Judging from the party scene inside the USF Sun Dome, you’d be surprised to hear how far Tamika Holland traveled to get here.
Dressed all in blue, from her cap to her gown, the 42-year-old wore a smile as wide as the aisle she marched. On each side, congratulatory shouts of praise rained down from every direction and high-fives followed.
Then, she made it to the stage and delivered a message from the heart.
“I did it,” she said with a smile. The crowd cheered. Holland fought back tears as she kissed a framed photo of her recently-deceased mother.
This was a graduation that had been a long time coming.
“It was amazing. I was overwhelmed with joy, tears and how many people acknowledged me that I didn’t even know that I inspired,” said Holland.
Before she turned 22 years old, Holland was a mother of five. Her first child was born when she was just 15. Life’s difficulties didn’t end there. She found herself in an abusive relationship that she was forced to leave. Then, she lost everything she had.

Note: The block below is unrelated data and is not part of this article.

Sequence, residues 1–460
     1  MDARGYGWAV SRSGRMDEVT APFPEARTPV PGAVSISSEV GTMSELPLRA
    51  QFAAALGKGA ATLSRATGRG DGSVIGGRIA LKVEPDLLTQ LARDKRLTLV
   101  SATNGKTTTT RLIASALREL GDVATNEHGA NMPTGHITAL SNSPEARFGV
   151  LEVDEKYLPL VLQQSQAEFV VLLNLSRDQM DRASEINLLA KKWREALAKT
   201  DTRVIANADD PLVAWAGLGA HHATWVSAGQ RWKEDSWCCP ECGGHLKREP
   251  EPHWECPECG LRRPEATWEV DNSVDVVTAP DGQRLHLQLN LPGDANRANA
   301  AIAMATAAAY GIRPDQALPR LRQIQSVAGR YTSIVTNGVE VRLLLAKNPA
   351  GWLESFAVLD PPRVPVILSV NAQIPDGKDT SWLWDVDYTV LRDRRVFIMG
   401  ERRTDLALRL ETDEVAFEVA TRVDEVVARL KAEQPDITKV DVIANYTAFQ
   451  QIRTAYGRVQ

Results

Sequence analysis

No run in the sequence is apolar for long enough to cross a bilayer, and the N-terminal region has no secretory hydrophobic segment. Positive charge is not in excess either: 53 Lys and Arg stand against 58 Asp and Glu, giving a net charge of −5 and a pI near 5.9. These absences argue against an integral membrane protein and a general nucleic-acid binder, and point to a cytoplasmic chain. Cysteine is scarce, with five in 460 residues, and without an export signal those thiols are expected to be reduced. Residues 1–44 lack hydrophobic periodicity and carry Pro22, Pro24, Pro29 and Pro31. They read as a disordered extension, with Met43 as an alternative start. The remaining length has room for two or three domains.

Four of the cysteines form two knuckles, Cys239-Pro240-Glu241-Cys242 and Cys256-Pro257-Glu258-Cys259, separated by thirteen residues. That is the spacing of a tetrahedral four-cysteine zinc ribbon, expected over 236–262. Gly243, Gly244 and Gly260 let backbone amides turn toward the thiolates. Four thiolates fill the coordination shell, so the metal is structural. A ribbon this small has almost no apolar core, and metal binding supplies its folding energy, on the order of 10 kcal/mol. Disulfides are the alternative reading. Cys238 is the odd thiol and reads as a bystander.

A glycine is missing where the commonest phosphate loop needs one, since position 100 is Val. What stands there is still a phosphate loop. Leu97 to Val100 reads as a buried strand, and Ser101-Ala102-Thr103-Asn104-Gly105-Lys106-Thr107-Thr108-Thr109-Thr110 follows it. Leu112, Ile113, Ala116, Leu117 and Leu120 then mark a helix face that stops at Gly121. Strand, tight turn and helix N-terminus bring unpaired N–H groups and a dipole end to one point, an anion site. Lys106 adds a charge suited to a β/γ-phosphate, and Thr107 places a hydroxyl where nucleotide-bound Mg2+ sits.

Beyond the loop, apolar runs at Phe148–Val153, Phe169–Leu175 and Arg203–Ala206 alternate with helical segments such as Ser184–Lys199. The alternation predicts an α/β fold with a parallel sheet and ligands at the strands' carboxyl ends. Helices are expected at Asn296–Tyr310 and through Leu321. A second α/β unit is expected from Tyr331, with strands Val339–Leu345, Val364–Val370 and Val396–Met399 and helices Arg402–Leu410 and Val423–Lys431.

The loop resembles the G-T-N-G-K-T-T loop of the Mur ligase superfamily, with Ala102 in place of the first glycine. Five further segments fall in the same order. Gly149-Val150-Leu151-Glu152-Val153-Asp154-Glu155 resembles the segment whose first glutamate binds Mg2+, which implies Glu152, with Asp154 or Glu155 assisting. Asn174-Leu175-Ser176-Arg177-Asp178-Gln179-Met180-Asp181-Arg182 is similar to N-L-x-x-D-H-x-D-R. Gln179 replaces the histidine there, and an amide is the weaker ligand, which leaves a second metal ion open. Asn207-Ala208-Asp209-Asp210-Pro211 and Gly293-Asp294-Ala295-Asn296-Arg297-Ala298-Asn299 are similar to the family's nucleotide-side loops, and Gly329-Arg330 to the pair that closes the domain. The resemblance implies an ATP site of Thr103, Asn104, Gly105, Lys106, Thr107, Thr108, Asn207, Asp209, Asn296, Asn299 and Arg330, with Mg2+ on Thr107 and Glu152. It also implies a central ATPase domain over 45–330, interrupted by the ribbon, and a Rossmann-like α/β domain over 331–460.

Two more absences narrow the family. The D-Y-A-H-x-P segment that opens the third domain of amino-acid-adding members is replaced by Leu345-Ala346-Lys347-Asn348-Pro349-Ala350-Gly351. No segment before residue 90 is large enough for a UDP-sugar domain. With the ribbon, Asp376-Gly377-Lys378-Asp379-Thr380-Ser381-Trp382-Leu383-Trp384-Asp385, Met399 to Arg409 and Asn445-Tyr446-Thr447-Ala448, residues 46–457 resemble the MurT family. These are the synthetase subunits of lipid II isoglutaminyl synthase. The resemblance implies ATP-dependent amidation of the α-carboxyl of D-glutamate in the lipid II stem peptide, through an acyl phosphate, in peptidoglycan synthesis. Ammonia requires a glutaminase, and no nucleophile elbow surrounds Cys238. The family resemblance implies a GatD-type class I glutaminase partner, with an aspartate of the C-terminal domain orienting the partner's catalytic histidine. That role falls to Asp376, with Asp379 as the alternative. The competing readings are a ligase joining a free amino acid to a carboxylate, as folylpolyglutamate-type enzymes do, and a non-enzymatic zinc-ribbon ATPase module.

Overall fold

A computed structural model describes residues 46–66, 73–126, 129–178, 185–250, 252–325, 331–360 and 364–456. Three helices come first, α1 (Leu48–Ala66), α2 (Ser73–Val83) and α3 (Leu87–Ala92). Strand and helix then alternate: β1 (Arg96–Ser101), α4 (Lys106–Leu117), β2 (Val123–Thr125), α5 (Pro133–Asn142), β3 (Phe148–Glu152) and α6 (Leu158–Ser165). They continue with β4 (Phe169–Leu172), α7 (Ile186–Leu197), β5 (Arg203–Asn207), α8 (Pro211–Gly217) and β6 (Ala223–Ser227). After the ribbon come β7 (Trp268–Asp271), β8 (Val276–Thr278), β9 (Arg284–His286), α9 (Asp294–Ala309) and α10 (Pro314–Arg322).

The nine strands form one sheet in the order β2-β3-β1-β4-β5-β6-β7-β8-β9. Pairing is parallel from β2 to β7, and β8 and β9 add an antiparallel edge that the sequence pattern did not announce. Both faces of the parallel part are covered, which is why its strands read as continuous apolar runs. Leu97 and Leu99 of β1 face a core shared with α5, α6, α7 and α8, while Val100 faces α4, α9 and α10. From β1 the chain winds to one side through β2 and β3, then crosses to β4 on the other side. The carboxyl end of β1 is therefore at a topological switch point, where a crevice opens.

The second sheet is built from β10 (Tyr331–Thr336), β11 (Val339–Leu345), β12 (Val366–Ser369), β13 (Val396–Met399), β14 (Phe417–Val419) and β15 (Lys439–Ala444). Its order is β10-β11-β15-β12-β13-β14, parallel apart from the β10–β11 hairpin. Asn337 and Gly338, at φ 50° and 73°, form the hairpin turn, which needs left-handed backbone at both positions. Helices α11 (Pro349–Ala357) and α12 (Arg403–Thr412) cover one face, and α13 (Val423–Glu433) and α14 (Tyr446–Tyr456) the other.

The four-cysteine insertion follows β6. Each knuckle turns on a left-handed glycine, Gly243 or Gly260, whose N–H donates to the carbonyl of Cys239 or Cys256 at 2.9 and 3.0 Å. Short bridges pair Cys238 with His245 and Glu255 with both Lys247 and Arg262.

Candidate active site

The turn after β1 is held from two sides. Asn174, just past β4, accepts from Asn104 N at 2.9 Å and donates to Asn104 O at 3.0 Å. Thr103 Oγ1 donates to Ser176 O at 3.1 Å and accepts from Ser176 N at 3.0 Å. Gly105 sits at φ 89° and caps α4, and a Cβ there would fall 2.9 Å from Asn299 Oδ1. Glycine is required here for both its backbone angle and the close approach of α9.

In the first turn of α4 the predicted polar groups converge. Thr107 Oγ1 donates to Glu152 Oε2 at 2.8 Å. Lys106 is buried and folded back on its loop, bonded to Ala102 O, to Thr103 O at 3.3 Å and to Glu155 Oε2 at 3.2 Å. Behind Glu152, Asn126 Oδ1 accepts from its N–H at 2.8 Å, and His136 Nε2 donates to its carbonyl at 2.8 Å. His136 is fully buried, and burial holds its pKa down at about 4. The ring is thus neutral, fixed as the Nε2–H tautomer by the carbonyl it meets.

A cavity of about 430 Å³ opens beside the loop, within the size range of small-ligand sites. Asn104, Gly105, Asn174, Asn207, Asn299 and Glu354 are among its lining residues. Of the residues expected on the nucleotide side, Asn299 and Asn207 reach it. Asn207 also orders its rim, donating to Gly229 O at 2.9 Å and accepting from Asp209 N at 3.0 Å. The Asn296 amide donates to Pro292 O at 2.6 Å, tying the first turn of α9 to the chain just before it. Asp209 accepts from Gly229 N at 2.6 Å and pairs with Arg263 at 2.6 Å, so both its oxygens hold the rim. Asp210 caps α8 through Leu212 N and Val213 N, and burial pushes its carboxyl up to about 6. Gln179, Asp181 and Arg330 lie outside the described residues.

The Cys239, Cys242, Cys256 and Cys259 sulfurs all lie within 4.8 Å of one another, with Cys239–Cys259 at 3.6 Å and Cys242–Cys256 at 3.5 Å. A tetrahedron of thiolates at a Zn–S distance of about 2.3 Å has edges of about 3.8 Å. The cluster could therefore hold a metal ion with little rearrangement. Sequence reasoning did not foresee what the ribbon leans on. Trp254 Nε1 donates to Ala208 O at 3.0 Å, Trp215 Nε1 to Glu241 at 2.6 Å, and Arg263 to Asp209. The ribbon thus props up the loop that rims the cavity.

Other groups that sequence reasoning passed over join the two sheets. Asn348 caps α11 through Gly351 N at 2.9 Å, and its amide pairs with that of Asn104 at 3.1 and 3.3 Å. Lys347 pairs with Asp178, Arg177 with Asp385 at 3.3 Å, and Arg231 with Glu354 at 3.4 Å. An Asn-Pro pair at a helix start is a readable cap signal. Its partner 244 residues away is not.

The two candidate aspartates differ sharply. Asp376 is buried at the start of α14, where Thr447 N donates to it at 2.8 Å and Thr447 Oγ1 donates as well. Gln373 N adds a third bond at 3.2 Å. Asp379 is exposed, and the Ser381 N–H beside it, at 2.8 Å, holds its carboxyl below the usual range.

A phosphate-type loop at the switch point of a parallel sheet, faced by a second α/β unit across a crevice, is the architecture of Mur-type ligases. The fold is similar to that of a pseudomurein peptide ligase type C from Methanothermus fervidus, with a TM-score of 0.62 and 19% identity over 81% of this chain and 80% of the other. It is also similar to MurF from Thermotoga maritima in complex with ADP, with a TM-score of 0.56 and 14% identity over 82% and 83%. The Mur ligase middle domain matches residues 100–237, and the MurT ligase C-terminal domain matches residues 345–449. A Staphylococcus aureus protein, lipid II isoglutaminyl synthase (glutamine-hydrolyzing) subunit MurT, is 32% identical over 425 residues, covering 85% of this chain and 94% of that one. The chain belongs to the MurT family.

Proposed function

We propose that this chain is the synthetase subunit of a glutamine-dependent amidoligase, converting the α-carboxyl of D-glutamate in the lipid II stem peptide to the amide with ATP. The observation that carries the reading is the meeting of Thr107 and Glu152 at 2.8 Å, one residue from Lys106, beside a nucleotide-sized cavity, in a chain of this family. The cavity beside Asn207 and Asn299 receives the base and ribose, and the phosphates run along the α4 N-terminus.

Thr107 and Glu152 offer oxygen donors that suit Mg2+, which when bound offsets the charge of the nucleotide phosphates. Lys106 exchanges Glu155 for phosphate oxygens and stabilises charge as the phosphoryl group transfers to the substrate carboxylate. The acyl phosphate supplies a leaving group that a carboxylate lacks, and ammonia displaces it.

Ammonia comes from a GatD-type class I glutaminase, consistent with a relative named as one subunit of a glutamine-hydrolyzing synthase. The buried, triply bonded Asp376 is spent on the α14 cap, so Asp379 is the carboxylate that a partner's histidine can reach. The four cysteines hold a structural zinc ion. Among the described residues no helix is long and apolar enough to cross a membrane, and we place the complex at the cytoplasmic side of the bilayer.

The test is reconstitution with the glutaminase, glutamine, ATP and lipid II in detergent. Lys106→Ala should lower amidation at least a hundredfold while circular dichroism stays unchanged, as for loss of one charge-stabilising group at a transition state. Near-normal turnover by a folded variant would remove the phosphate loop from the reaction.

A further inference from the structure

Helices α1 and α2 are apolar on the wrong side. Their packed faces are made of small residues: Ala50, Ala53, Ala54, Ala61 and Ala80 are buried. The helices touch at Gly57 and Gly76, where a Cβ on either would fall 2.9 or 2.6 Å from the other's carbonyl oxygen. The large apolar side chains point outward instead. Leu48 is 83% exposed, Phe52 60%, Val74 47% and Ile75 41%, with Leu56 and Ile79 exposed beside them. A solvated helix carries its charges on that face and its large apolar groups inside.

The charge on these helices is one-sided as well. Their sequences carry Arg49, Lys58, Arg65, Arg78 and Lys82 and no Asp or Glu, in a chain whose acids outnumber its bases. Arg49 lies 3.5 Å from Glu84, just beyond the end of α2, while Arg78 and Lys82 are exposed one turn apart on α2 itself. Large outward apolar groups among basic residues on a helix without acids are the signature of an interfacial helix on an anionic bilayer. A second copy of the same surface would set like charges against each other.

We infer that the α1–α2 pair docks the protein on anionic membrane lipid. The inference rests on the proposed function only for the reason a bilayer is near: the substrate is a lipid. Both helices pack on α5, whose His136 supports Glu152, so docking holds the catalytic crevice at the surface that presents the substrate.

“I was homeless from approximately the end of 2014 to the end of 2016,” she said. “Very stressful.”
She worked at whatever job she could find. She worked fast food. She worked housekeeping jobs and relied on friends for a bed. On good nights, when she found the money or somebody helped her out, she slept in a motel room.
“I really had faith.”
Holland was urged to go back to school. She started at Ultimate Medical Academy in June of 2015 hoping to get the required certification to start working in the dental field. Then, her mom died in September.
She took a few months off because “she needed motivation”.
“She’s overcome a lot and she’s succeeding at what she does now,” said Dr. Ben Gubernick, a dentist at the Mid-CountyDental Associates office, where Holland began working in November 2016. “She tried to keep it as low key as possible. I would have had no idea she went through this.”
Graduating and realizing her dreams of solid employment and a stable life puts a perpetual smile on Holland’s face, these days. Ironically, smiles are her business now.
“I didn’t think I was able back then compared to being able now. I didn’t see it,” she said.
Now, she’s inspired others with her story and gives them a reason to smile back.